I remember getting irritated over Phobe Philo’s seminar at Vogue Festival, and I find it disappointing to listen to my hero failing to further elaborate on some of her extreme statements. One of them was:
“I hope that when women wear Céline, they feel good and confident and strong. And I guess there’s a political statement behind Céline, which is that the woman should go out there and do what she wants to do.”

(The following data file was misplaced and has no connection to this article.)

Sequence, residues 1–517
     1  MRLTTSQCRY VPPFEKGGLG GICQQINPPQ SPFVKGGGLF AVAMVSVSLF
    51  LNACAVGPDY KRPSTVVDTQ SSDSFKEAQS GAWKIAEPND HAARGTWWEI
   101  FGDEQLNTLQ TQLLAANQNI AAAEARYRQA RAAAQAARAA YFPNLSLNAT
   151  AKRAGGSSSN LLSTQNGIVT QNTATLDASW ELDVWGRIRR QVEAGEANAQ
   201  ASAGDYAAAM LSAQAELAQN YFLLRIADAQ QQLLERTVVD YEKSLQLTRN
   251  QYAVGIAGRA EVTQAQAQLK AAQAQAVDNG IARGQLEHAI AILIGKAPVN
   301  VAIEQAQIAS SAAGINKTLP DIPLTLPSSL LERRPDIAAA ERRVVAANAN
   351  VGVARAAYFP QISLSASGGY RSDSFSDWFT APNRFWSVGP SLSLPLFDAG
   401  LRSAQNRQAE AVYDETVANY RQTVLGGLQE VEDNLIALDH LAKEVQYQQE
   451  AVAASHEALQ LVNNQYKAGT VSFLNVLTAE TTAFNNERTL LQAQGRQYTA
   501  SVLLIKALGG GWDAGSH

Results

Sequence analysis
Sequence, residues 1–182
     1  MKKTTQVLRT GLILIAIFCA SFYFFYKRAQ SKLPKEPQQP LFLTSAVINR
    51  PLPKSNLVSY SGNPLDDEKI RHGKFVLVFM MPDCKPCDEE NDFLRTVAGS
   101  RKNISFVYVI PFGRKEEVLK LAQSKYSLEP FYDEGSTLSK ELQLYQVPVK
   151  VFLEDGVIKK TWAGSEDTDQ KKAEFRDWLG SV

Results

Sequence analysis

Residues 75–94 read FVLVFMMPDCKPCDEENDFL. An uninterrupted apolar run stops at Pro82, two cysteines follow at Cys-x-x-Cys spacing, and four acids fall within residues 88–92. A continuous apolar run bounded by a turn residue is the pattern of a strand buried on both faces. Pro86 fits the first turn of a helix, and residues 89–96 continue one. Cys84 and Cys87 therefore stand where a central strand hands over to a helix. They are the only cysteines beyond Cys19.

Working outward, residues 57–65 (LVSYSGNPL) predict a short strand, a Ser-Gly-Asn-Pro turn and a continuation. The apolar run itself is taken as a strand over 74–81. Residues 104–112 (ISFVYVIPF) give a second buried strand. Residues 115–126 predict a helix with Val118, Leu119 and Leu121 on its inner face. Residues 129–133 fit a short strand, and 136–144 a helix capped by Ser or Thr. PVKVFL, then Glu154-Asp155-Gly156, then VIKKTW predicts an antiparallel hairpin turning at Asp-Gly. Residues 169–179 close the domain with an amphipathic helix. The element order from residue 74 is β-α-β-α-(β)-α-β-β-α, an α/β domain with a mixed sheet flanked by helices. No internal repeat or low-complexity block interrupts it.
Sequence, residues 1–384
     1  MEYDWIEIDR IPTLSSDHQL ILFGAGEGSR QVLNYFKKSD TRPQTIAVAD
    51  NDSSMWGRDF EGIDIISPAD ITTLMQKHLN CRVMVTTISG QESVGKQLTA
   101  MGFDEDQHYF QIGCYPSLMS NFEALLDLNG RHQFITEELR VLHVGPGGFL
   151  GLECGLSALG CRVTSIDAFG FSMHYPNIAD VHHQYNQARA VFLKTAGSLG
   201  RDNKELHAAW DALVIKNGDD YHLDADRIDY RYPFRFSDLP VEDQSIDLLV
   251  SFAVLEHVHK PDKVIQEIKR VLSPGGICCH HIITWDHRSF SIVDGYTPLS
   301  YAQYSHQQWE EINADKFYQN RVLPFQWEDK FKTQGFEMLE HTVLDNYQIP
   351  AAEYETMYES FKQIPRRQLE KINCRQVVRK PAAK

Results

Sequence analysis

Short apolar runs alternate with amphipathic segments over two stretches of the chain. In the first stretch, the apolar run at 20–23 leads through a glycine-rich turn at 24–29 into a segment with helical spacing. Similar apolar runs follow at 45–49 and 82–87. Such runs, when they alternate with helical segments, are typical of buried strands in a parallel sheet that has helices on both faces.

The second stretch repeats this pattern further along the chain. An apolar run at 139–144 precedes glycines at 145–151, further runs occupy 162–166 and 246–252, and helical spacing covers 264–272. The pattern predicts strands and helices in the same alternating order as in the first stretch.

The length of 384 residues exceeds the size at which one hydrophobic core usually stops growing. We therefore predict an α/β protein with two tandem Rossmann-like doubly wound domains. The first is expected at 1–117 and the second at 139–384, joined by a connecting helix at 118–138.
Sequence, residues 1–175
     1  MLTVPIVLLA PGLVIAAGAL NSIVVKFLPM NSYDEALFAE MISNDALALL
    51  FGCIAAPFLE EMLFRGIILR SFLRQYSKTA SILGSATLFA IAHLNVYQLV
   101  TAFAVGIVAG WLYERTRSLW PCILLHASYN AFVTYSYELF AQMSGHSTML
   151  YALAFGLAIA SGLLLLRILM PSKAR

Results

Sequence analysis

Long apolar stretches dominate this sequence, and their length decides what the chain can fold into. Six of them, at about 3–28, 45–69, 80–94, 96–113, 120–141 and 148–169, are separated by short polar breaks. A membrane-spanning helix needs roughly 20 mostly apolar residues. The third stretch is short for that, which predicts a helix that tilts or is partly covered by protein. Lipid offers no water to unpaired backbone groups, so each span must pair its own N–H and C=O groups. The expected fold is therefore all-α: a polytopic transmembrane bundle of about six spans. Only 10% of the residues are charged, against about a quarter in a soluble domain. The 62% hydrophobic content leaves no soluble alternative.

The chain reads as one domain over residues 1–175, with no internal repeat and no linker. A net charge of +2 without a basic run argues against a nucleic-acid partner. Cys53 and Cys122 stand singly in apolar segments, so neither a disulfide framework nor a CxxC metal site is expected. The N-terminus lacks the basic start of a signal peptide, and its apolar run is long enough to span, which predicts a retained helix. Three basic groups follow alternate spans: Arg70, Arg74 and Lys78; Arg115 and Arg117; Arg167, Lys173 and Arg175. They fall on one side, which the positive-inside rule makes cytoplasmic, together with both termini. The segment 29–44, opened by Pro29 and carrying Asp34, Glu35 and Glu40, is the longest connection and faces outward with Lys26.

Of course. I paid $2000 for that viscose-cotton skirt. I should feel invincible in that Resort 2014 piece. How political. *scoffs* Thing is, like in many political systems of many countries, the Céline woman derives her leadership, power and status from money. I don’t think I buy Céline to be stuck, nor do I think any woman buys luxury goods to stay in and be forced to do things she doesn’t want to do. I buy into what Philo produces simply because she offers something appealing, original, utilitarian and meaningful. But at that interview, what was Philo saying? It seemed like nonsense you throw out when you really have nothing to say about what you personally believe. I wasn’t buying the entirety of that particular interview, which was utter disappointment after writing a full-length essay on the feminist values Céline offers since her tenure. Sorry, I was upset! But it’s not good to keep being bitter about it, I’ve got nothing to gain. Besides, I still love Phoebe and what she does.